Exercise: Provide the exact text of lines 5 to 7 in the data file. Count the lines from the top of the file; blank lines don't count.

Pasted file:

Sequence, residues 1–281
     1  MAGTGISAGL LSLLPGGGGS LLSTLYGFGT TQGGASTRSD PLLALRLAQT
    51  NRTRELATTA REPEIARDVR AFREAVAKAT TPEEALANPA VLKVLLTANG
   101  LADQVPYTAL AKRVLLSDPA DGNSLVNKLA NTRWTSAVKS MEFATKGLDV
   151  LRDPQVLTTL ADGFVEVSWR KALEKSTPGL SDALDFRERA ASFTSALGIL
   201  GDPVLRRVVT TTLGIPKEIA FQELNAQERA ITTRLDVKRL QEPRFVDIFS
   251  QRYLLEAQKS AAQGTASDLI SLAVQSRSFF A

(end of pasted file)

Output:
   151  LRDPQVLTTL ADGFVEVSWR KALEKSTPGL SDALDFRERA ASFTSALGIL
   201  GDPVLRRVVT TTLGIPKEIA FQELNAQERA ITTRLDVKRL QEPRFVDIFS
   251  QRYLLEAQKS AAQGTASDLI SLAVQSRSFF A